6 Ways to Get the Most Out of a Mentoring Program

Learning from veteran educators can boost your confidence in the classroom. These tips can help you find a mentor and successfully manage the mentor-mentee relationship.

An older woman and a younger woman working at a computer together

by NEA Member Benefits

Lindsey Helm jokes that as a first-year teacher, she started out with “lofty goals,” but quickly learned that even with the best intentions, she needed some help. “I walked into a very established school and it was awful,” Helm says. “I thought I could be friends with these kids.”

That early experience prompted Helm to later become a district mentor for Springfield (Ill.) Public Schools. It’s a role she now shares with one other full-time teacher mentor within District 186’s New Teacher Induction and Mentoring Program.

“New teachers need moral support,” says Helm, who mentors teachers in the 22 elementary (K-5) schools in her district. “A lot of the teachers come in and they are very green. They have so much they have to do and so much they have to learn.”

Participating in a mentoring program, as mentor or mentee, helps all educators perform their jobs well—and survive from year to year.

How to find a mentor

Many schools offer official mentoring programs, so speak with your administrators or NEA representatives. If not, you can still build a relationship with an educator, preferably in the same building, same grade or same subject. Some schools have “site mentors” who are typically chosen by a principal and paid a stipend to assist new educators with building procedures and routines, Helm says. Or seek out online resources. (See below.)

6 ways to get the most out of your mentor

Once you’ve found someone to mentor you, here are six ways to get the most out of the relationship.

1. Shadow a veteran: Helm asks all first-year teachers in her mentoring program to observe a veteran for half a day. “It’s well received,” Helm says. “A majority of the time, the veteran teachers will have resources for the newbies. This meeting also helps to build a relationship that will help them throughout their year.”

2. Ask your mentor to watch you teach: Most veteran teachers don’t think about what they do anymore because it comes naturally, says Penny Kittle, an English teacher and literacy coach at Kennett High School in North Conway, N.H. and former director of mentoring for the Conway (N.H.) School District. That’s why asking a veteran teacher to observe your classroom is so important for both teachers. “You learn so much by sitting in the back of the classroom,” says Kittle, who had to do this at Eastern Michigan University as a teaching supervisor. “It really taught me so much about instruction.”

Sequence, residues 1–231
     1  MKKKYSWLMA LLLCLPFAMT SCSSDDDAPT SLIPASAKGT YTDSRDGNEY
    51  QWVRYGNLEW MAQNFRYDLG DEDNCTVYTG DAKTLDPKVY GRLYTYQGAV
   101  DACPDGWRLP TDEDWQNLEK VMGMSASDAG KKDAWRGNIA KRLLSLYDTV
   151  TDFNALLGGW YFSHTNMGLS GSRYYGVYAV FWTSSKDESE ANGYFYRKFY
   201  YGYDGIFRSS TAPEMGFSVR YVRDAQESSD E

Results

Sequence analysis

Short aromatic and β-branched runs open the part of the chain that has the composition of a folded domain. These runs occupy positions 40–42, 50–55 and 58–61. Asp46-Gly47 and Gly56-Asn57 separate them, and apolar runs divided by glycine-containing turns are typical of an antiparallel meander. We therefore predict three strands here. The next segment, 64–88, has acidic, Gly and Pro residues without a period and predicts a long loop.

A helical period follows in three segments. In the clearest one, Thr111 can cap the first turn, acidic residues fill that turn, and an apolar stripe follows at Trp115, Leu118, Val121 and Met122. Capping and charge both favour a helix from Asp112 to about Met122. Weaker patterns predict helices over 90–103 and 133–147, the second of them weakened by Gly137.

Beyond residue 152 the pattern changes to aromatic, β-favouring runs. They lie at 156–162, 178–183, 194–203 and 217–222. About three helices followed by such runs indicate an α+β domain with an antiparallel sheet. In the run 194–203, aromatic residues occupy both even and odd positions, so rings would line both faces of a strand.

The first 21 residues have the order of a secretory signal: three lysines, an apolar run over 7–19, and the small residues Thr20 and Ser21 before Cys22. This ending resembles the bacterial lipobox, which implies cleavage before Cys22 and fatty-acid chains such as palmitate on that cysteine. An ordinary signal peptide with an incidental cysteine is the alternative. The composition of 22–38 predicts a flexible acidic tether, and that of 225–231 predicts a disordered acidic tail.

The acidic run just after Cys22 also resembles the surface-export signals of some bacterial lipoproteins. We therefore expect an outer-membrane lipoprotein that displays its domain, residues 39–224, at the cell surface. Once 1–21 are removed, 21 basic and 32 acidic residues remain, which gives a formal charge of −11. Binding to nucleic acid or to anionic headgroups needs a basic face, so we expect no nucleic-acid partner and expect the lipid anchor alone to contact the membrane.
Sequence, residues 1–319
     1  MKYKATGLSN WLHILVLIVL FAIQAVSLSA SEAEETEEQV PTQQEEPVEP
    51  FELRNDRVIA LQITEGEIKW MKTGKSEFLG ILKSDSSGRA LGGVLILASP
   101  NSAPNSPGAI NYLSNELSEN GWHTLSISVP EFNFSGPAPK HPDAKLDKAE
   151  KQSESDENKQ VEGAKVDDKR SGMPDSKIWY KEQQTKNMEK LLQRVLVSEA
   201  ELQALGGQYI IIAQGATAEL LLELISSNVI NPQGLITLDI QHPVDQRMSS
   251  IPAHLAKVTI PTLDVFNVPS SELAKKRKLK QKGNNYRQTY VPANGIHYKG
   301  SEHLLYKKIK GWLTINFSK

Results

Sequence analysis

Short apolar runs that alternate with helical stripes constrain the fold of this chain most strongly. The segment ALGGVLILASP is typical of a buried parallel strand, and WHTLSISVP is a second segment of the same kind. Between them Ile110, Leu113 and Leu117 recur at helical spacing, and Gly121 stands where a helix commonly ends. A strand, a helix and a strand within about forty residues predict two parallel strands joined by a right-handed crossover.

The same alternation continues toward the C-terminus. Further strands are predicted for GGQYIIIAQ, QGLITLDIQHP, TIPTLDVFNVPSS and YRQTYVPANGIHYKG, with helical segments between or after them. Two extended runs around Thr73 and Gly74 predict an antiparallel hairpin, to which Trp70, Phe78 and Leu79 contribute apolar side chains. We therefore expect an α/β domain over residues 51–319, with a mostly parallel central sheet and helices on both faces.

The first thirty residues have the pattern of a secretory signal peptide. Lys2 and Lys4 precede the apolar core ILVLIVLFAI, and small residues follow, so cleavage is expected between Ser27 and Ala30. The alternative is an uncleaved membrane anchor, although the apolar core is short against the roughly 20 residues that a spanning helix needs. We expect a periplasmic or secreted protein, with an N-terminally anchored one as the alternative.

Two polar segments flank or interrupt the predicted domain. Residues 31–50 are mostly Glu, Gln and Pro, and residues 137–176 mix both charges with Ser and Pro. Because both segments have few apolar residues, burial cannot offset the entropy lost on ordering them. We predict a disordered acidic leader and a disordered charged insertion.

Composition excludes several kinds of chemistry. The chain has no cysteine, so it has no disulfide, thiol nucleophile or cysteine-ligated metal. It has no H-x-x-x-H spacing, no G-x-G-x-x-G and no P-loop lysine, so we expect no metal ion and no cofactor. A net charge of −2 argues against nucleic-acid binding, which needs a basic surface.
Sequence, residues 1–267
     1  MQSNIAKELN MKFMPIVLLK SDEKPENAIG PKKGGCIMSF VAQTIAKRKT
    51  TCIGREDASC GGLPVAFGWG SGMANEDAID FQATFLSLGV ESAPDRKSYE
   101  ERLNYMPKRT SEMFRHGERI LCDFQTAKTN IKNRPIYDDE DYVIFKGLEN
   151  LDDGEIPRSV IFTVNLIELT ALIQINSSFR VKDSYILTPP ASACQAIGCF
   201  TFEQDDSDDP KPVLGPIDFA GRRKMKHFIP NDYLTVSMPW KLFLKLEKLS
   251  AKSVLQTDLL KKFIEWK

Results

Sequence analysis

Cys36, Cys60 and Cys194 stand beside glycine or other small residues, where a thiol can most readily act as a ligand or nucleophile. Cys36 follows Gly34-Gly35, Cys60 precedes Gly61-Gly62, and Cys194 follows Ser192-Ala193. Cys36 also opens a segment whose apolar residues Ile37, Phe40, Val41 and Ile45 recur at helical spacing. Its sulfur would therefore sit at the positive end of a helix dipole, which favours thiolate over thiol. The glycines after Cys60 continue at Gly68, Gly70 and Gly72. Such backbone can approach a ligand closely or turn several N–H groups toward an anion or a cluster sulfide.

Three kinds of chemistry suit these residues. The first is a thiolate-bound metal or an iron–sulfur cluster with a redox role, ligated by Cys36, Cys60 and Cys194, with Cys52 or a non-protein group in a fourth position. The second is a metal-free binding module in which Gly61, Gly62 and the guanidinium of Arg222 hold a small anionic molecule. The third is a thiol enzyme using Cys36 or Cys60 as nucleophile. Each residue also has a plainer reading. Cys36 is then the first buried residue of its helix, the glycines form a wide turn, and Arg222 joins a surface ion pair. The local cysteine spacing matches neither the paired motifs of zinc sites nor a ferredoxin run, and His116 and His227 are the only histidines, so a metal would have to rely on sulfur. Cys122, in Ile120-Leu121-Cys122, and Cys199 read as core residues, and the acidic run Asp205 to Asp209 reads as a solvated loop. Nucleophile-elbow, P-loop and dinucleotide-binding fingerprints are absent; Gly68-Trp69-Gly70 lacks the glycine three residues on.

3. Ask your mentor to track your classroom time management: When a mentor is observing you, Kittle suggests asking them to take notes and track the time on the left side of a piece of paper, and then take notes on the right to correspond with each major topic and discussion. This will help you understand and learn about classroom management. Or consider setting a timer, Helm says, to track and time each task.

4. Ask your mentor to monitor student questions: As a new teacher it can be hard to differentiate if you need to change your classroom management style or need more artful instruction if students aren’t engaged. To solve this problem, Kittle suggests having your observing mentor make a map of the classroom and monitor and track which students are responding to classroom questions.  

5. Ask your mentor to role play problems with you, and then go find your own personal style: To work through difficult situations, ask your mentor to model how they would solve the problem. Some teachers want to copycat, Vilson says, but then they will realize they need to incorporate what they’ve learned into their own teaching style. “There were six teachers I wanted to be like, but I could only be me,” Vilson says. “I had to take those attributes, the things I wanted, and  make them part of myself. I had to be myself, but be my best teacher self.”

6. Ask lots of questions: Don’t be shy about asking questions. “Early on, teachers tend to keep their classrooms closed,” Vilson says. Instead, approach other teachers and see if you can get some help. Many schools “give teachers a piece of chalk and say ‘go teach,’” Vilson says, which is why a mentor can make such a difference in a new teacher’s success.

Online resources

If you can’t find a veteran to help mentor you, here are additional online resources that can help: